Do Wild Pigs Know the Daylight Savings Time?

Animals Shocked by Daylight Savings Time Change
You bet animals know what time it is! Wild pigs have a highly acute sense of time. What they don't know is this: humans swing their daily schedule up an hour in the Spring and back an hour in the Fall. And this can lead to conflicts. Wild pigs accustomed to enjoying their usual evening acorn-snuffle in the lonely dusk may be surprised to find the two-legged naked animals up and about. And a surprised wild pig is a dangerous wild pig.Europeans set the clock back an hour this morning (the last Sunday in October), and North Americans will join them in the semi-annual clock changing ritual a week from now (the first Sunday in November). It seems a good time to take a moment and consider all the implications that our schedule tweaking may have.

The Silent Pedestrian Killer
Time changes have been called the silent pedestrian killer because of the peak in deaths in the weeks after a time change. A study by professors Paul Fischbeck and David Gerard published in the Pittsburgh Post-Gazette several years ago noted that "pedestrians walking during the evening rush hour are nearly three times more likely to be struck and killed by cars in the weeks after the fall time change".

Energy Savings Questioned
The question of whether to change or not to change the clocks for optimal energy efficiency remains open after an Indiana study suggested Daylight Savings Time may cost billions of dollars in increased electrical bills.

Unnatural Behavior
Many humans look forward to waking to sunlight in the morning again after the shortening days have left them shuffling in the dark when the alarm clock rings. But as the only animal regulating our days by mechanical clicks, we are out of sync with the rhythms of nature. So during the time change, remember your house pet may need some time to adjust to the new schedule. Be sensitive to the effects you may have on your evening jog or your commute. And if you live where the wild things are, be especially careful. A human encounter with a wild animal can be dangerous for the human, but more often ends in tragedy for the animal.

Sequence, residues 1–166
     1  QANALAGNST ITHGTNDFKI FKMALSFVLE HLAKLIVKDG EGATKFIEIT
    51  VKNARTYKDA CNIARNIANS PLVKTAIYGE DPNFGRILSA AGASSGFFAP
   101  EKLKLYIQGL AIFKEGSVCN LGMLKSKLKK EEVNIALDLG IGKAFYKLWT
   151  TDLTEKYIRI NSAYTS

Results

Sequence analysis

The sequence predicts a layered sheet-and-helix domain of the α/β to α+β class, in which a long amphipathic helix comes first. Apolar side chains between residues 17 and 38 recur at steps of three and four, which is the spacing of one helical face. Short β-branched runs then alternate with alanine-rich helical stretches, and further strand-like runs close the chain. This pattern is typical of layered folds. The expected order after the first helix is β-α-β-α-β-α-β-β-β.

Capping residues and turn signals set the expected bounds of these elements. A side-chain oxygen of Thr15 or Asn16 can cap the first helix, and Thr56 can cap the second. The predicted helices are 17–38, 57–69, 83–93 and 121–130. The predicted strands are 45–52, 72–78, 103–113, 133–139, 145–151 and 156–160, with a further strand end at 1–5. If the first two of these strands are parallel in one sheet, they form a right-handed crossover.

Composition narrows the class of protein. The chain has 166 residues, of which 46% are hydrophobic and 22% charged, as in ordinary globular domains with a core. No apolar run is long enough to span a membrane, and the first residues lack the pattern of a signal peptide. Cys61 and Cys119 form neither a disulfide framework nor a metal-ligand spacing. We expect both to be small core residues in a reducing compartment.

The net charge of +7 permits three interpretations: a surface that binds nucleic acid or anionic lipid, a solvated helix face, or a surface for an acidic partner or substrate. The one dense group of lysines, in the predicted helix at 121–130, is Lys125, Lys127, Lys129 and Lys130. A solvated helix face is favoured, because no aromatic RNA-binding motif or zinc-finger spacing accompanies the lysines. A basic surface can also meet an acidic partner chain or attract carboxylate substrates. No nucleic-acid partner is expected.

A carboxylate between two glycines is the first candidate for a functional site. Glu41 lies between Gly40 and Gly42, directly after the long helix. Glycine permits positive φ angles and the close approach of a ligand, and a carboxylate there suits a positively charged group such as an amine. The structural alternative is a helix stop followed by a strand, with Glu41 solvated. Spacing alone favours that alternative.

More on Wild Urban Animals:
Wild Dogs Take the Train to Commute in Russia
Escaped Circus Bear Shot by Police
Wild Wonders of Europe Launches Biggest Ever Nature Photography Project
More on Daylight Savings Time:
Daylight Savings Time Could Be Costing Billions Yearly in Electricity
To Daylight Savings or Not To Daylight Savings... That is Today's Question?
Time Changes, the Silent Pedestrian Killer
Stop Daylight Savings and End Global Warming

Tags: Animals | Conservation | Germany


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